Wednesday, November 01, 2006

OSGi introduction

Some of my colleagues need to develop OSGi bundles and run them on Equinox. They are new to OSGi, so they asked me for some introductory reading. I thought I'd post it here for posterity and more general consumption.

I recommend starting with the technology overview on the OSGi web site, but skipping the sections on specific services on the first reading.

After reading this, you should have a feel for the three major layers in the OSGi framework.

The modularity layer enables you to package Java code with some metadata into a JAR known as a bundle, which is OSGi's module concept. Each bundle is loaded in its own class loader. Bundles share classes in a couple of ways. A bundle may import a package that another bundle exports or a bundle may require another bundle, which is similar to importing all the packages that the other 'required' bundle exports. Bundles may also contain native libraries and arbitrary kinds of resource files.

The life cycle layer allows you to dynamically install, uninstall, start, stop, and update bundles. This is essential when the OSGi framework needs to run for a long time but applications need to be managed, e.g. taken offline or have a bug fix applied, without restarting the framework, which would impact all the applications running in the framework.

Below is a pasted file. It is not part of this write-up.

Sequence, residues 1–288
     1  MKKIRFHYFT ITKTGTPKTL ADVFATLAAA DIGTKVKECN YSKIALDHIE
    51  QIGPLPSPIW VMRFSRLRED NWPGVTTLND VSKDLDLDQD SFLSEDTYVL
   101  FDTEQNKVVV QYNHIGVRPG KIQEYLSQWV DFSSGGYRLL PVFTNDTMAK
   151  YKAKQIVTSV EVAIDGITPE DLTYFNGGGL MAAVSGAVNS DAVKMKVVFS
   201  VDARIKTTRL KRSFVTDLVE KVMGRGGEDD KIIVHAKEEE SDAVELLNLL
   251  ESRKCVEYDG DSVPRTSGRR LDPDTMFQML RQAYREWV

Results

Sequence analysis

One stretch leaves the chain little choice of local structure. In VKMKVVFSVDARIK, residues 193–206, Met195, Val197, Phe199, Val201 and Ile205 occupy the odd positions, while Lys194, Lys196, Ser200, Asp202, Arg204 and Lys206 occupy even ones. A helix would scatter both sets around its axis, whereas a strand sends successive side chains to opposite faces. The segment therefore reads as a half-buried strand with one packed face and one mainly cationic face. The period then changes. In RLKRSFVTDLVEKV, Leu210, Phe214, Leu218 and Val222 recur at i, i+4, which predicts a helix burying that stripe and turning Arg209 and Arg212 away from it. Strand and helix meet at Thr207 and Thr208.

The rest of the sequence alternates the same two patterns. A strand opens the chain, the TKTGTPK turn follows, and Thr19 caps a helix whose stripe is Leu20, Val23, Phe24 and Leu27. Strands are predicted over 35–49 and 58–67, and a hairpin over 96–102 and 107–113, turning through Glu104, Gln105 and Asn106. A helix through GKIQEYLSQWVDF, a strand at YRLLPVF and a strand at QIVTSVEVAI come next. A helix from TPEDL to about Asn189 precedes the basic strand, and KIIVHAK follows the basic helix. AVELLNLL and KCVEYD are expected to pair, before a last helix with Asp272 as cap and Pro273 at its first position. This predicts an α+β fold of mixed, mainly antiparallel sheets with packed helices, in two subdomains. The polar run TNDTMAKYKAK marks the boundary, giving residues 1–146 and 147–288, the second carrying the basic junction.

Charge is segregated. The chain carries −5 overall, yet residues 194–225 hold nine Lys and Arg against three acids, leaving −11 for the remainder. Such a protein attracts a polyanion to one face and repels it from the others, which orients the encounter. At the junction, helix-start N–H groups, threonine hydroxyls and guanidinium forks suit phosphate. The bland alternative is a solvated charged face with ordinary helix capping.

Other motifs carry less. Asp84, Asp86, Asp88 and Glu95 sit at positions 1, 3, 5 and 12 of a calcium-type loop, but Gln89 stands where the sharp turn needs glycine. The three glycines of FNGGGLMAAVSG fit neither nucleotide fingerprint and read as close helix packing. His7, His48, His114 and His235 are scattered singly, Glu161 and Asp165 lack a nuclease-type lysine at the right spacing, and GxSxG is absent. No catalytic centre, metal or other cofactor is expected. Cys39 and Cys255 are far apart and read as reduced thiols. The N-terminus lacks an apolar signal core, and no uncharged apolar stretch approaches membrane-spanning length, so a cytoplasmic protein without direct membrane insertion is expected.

The service layer enables bundles to provide services to other bundles. A service is a Java object that implements an agreed interface. Services are registered in a service registry so that users can locate the service they need, cast it to the agreed service interface, and then call the service.

If you would like to re-enforce these concepts or get a bit more detail, take a look at the architecture description.

After that, you could read about an example application, you could dip into the core specification, or you may prefer to try developing and running a simple bundle using one of the open source OSGi framework implementations. For example, the Equinox OSGi framework comes with a quick start guide.

Finally see this guide to writing a trivial bundle in 10 minutes with no special tools. Once you get beyond a "hello world" bundle, you'll want to refer to the javadoc on the OSGi web site.

5 comments:

Benjamin said...

This is really well written. I have a roomate who works in Emerging Standards and after hearing him babel about OSGI, I figured I should know more about it. Reading this probably saved my a good 2-3 hours of reading in the early morning :) ... so Thanks.

Glyn said...

Glad it was useful. :-)

Zteve said...

Glyn,
This blog entry is still useful, but the links aren't all working now. Any chance you could update it?

I think it would form a good resource to answer some questions on Stack Overflow -- you I'd like to discuss this with you.

Steve

Glyn said...

Thanks Steve. I've overhauled the links. You're right about StackOverflow - let's discuss it.

randeep said...

It saved my lot of time ... thanks a lot :-)

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